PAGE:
Monday, July 9, 2012

World's Most Expensive Flag - continued

Once again, Larry joins me for the update to last week's blog on the World's Most expensive Flag.

Previously my wife, Lorna, blogged about my owning the world’s most expensive flag.
It’s true. Some forty years ago, just after we moved into our first house, a person came to the front door selling American flags for some worthy cause. I don’t remember what the cause was, but I’m sure it must have been worthy.
A twenty-five dollar donation and I became the owner of the flag, complete with mounting bracket, and two-piece aluminum pole topped with a nifty genuine plastic eagle. I reasoned, we didn’t have a flag and needed one for the house. It was a weak moment, I must admit.
On our next trip to the local drug store, Lorna pointed out the identical boxed flag sets on sale for $2.95. And for the past forty years, she has reminded me of my extravagance on every holiday: every Presidents Day, Fourth of July, Memorial, Labor, Veterans Day, etc.
Because of the expense, I have endeavored to take very good care of my prized flag, carefully storing it at night and bringing it inside in inclement weather. And it’s lasted for more than forty years, far longer than just any old $2.95 flag deserved. Still, over the years it had become somewhat faded and thin in places.
Now, I have sad news to report. Yesterday evening, July third, I was shocked to see that the extended wing of the genuine plastic eagle had caught and ripped a one-foot gash parallel to, and between the twelfth and thirteenth stripes. Unfortunately, the material has become too thin and worn to accept sewing back together. I must conclude its time has come. It will need to be replaced.
I put it out on July 4, 2012 for the last time. I figured it deserved one last day in the sun before being officially retired.

I went on the Internet to discover the proper way to dispose of an American flag. Here’s what I found on USA flag site ( and The Flag Keepers (

There are several ways in which you may give your American flag the proper retirement without showing disgrace to this great country. If you would like to dispose of the flag yourself then the most fitting way is to hold your own, private ceremony. The U.S. Flag Code states, "The flag, when it is in such a condition that it is no longer a fitting emblem for display, should be destroyed in a dignified way, preferable by burning." After your flag has been burned, the ashes should be buried. If you cannot burn and bury the flag yourself, Flag Keepers will retire your flag in a proper and respectful ceremony for a price. Or several other organizations that will retire your flag are: VFW, American Legion, Boy or Girl Scouts of America, and Marine Corps League.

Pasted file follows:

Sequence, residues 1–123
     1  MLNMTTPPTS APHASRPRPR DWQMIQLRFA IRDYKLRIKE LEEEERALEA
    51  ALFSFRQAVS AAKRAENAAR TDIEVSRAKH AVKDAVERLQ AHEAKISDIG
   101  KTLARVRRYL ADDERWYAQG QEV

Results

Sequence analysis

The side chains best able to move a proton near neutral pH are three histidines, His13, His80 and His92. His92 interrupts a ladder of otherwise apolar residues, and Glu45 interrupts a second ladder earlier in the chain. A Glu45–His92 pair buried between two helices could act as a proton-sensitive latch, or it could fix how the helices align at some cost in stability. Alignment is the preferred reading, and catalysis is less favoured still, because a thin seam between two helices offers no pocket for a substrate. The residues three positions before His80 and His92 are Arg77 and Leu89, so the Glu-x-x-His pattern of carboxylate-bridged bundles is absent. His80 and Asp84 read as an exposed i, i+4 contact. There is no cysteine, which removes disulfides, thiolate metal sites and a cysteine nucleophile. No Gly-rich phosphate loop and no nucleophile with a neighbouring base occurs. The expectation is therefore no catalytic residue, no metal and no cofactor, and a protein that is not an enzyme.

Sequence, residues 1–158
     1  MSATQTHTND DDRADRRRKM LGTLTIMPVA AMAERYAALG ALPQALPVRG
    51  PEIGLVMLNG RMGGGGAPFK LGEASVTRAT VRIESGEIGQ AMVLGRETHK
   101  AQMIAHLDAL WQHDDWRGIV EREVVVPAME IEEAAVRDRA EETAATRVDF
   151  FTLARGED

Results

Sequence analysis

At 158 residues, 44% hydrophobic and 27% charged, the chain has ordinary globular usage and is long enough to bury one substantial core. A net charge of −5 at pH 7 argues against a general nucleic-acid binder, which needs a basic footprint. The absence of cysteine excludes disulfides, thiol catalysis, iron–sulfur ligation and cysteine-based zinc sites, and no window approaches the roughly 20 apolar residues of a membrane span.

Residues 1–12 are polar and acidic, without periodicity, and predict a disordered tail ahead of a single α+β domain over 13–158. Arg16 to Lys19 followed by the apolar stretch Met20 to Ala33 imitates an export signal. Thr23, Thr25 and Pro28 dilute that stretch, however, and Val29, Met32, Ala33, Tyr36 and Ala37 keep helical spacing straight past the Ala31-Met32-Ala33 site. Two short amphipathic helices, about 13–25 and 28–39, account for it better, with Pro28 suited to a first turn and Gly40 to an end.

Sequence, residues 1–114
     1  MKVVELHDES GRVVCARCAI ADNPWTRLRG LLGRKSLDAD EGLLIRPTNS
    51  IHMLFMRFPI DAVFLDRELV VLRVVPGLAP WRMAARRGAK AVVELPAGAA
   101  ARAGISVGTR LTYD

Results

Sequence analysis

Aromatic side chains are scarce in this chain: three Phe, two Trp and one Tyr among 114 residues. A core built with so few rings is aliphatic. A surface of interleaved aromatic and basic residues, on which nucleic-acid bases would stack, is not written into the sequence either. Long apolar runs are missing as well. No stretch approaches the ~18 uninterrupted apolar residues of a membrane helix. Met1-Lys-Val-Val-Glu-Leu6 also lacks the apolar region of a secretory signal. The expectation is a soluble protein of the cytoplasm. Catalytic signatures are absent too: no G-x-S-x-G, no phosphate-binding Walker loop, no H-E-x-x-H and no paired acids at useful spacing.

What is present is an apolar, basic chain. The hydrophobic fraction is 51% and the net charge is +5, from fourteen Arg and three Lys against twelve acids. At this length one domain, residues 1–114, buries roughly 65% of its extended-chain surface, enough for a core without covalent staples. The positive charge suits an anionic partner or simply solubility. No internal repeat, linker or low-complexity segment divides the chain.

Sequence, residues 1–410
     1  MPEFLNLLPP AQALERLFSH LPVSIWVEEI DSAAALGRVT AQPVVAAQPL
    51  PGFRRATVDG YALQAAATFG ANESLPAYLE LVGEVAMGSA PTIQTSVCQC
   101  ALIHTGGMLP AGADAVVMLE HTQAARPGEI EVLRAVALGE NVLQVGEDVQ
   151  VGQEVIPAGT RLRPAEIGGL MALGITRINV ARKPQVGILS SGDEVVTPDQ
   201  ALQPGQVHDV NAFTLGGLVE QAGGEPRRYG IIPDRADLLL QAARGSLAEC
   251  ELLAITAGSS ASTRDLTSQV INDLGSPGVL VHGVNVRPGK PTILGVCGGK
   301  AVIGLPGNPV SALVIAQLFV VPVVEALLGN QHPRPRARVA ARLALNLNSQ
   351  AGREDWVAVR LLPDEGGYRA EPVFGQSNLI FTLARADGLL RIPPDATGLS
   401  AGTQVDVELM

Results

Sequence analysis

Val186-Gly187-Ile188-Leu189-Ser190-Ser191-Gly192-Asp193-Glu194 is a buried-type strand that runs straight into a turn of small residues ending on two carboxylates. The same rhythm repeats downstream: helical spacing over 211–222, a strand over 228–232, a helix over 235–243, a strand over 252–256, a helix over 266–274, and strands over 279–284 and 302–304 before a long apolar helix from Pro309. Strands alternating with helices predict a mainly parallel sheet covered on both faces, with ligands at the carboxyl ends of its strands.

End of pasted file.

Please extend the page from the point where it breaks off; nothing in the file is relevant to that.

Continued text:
Since I’m not personally into burning flags and burying ashes, I will contact the Marine Corps for proper retirement.

Also while I’m on the subject of flags, I have a story told me by my cousin-in-law, Ron Walker. He was Director of National Parks from 1973 to 1975.
During his tenure as director, a park ranger was killed in the line of duty. Ron immediately directed that all National Park flags be lowered to half-staff. About twenty minutes later, his phone rang.
“Ron,” the voice said. “This is President Nixon.”
“Yes Mr. President” Ron quickly responded, all the while thinking. Why is the president calling me personally?
“Ron,” the voice continued. “I was just wondering why the flag on the White House is at half-staff.”
Then Ron remembered. The White House is also a national monument, and therefore subject to park rules. He explained the situation to the President.
“Fine,” Nixon responded, “I just wanted to know. Proceed.”
He hung up, and Ron breathed a sigh of relief.

While I have treated this blog lightly and with humor, there is a seriousness to it. My old flag itself is merely a piece of cloth, and dye, and stitching. It is not my country. It is a symbol of my country. Honored for what it represents, not for some magic or inherent value. The new replacement flag will be just as much a symbol and just as honored as was the old one. However, the old flag has been part of our family for so long, through bi-centennials, 911, births and deaths, and all the other events of our lives, both good and bad, for the past forty years. As I fold it up for the last time, I’m reminded of standing on a hill before my father’s flag-draped coffin and hearing the sweet tones of a lone bugle playing "Taps."

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